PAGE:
Irene Sevcik holds a Ph.D., University of Toronto, Faculty of Social Work (1986) and a Masters of Religious Education, Asbury Theological Seminary (1966). Throughout her career, Irene developed and managed intervention programs for children and families, including those affected by intimate partner violence. Prior to her retirement she served as Program Director of FaithLink - a community initiative which built relationships between religious/ethno-cultural communities and secularly-based service providers in collaborative responses to intimate partner violence. Irene's published works include: a working paper (1984) An Ecological Perspective of Child Neglect: Relevant Research Re-ordered: A Service Delivery Model Examine; book chapters (with Nason-Clark, Rothery and Pynn (2011), Finding their Voices and Speaking Out: Research Among Women of Faith in Western Canada; with Reed (2008), Its Everybody's Business; with Nason-Clark, Rothery, Pynn (in press), Caring for the Caregivers: The Efficacy of a Centred Meditation Practice within a Secular Setting); a journal article (with Giesbrecht (2000), The Process of Recovery and Rebuilding Among Abused Women in the Conservative Evangelical Subculture); and many unpublished research and program related reports. She has led numerous discussion groups and developed and offered training to religious organizations regarding the implementation of intimate partner and child sexual abuse protocol guidelines.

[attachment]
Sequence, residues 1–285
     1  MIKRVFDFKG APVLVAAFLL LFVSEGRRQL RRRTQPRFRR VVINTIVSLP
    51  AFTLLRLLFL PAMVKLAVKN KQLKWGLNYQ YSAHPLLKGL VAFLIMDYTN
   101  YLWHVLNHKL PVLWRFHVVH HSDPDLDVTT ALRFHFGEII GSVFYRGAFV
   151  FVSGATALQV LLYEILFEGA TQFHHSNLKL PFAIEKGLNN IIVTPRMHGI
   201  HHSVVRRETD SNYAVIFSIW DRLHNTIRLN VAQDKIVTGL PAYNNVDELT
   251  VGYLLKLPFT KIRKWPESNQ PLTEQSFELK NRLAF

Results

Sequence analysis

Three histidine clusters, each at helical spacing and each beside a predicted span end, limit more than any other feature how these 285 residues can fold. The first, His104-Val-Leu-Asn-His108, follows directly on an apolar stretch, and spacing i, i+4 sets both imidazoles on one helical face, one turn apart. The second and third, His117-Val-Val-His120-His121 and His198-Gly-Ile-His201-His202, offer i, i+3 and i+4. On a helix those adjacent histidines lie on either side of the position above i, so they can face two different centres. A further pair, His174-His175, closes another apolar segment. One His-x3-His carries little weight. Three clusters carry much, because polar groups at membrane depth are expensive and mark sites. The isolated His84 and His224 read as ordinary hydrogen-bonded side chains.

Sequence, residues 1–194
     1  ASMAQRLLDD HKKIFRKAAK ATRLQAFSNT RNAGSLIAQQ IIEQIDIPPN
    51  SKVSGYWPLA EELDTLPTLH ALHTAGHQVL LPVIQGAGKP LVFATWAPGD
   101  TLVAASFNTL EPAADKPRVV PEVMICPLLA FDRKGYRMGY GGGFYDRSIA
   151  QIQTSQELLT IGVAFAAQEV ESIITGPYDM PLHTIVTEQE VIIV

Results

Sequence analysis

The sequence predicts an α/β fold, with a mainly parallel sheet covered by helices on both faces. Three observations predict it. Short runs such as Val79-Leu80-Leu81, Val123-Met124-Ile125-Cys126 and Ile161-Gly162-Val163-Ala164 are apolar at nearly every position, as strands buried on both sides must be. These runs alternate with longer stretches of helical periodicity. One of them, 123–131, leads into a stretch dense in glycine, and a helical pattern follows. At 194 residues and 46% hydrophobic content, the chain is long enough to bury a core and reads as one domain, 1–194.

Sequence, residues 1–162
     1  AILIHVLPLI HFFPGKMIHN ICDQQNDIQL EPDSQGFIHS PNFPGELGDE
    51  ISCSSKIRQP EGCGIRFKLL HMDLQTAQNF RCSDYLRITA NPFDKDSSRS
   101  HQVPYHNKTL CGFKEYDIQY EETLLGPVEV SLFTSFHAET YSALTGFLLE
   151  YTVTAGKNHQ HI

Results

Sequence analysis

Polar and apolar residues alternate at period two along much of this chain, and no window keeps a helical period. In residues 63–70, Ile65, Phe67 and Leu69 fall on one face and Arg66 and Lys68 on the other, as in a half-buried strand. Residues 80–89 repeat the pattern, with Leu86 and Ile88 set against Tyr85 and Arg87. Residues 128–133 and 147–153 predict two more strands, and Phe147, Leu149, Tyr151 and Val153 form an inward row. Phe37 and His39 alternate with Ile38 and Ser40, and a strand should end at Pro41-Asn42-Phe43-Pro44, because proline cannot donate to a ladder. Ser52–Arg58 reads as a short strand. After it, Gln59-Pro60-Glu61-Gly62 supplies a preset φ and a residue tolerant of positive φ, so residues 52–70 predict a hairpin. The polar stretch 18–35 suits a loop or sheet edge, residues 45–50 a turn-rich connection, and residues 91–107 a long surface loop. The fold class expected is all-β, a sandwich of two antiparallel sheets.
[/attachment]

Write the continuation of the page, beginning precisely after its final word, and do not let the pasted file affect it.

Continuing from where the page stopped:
Irene Sevcik's profile page

Michael Rothery is a professor emeritus, recently retired from the University of Calgary's Faculty of Social Work. Through most of his career, he taught social work theory, research and practice, while remaining active in the community as a volunteer and scholar. His publications include books on clinical social work practice, family violence and research methods. Throughout his professional and academic career, Mike studied services to vulnerable families, with violence in adult intimate relationships having been an especially strong interest. Introduced by FaithLink to the complexities of human services in the context of the secular/sacral divide, he has, in recent years, devoted time and energy to understanding the relationship between religious and secular helping for people experiencing intimate partner violence.